21 - I'm not really learning anything new, these are just tips to keep in mind involving circle and normal numbers. But they are handy strategies to learn if you didn't figure them out on your own just yet. Practice puzzle: I found the letter D!

22 - More tips...hmm, I hadn't thought of that. In a row of five blocks, a "4" means that the middle three MUST be marked, since the four blocks must all be consecutive and only one of the ends can be missing. You got me there, Picross 3D, I hadn't yet guessed that. I make use of this newfound knowledge in a practice puzzle: It's a P!

23 - Three more puzzles with no hand-holding. Example A is a weird-looking K! It's kicking off its leg like a soccer ball. Another letter for my crossword-puzzle background. Example B is the letter R! It's running away from itself...? It follows the K into the background.

Picross 3d Create Your own Puzzle car24 - Example C...is a rabbit head! Like every other puzzle solution, it's quite energetic and happy. I get to move onto level 2! Instead of doing that, I'll check out the main menu options.

25 - Gallery lets me check out the collections (like the crossword puzzle background I'm filling out). I check out "My Picross"...I can create my own puzzles and swap them with friends! I can also download new puzzles and enter mine in contests. Pretty cool. A number of options pop up. Let's try "Original"

26 - I can select a preset puzzle to solve or edit. Let's try solving the Skateboarder. Wow, this is a big one, looks complicated...I start by removing all the "0" rows. Uh oh, there are numbers in squares, which I haven't seen before...I'm in over my head, it seems.

27 - There are also blue and red sliders that let me look INSIDE the cube I'm chipping away at. This one definitely seems out of my league right now...

28 - I'm making progress very, very slowly...I've removed all the 0 rows now and I'm working on some larger consecutive numbers, where I know the middle blocks are required.

29 - Progress is still very slow...the time limit for this puzzle is twenty minutes. I'm already nearly at four and feel like I've got no clue where to go...

30 - I'm circling around the figure and looking inside it, and have no idea where to go next. I'm giving up. I just don't know where to go. I surrender, Skateboarder.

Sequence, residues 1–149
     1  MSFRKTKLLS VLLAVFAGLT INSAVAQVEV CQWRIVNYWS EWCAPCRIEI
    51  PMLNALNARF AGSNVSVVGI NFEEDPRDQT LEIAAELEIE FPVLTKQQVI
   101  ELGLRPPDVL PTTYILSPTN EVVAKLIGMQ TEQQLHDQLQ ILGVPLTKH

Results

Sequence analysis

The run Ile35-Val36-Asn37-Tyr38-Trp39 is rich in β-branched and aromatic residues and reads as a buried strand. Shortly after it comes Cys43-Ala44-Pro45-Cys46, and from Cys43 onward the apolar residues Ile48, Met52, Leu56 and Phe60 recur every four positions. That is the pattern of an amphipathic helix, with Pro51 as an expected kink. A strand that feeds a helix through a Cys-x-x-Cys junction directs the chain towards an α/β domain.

First Hour Summary

Minutes to Action: 0 to begin the tutorial. 5 to be set loose in the practice puzzles. Or you can skip those and start with the Easy puzzles if you're familiar with the game already.

Favorite Thing: It's got a charming, cubey style to it all. Everything is rectangular and happy and animated.

Least Favorite Thing: It starts out very easy. Can't really complain about that when you're just learning the game, though.

Design: The happy cube art style is clean and inviting, and the game eases you into how it works very generously without feeling extra slow.

Story: None, like most puzzle games.

Fun: It's enjoyable. The kind of relaxing puzzle game that's great to pick up for a few minutes on the bus or before bed. However, the tougher puzzles, like the Skateboarder, appear to take a significant amount of time and thought, so those who want to be challenged will likely be stumped and satisfied from time to time.

Keep Playing: Sure. It starts out very easy, but I got a few glimpses of how it could get tough.

Other Thoughts: Everybody likes easy-to-learn brain teasers, right? At $20, it's priced fairly. Especially considering it boasts over 365 puzzles in the cartridge with the ability to create or download more. If you've got a DS and a few minutes to burn on the subway or just want some mild mental-stimulation every now and then, Picross 3D may be up your alley. I certainly enjoyed the first half-hour of it, and I haven't even made it to the tougher puzzles yet.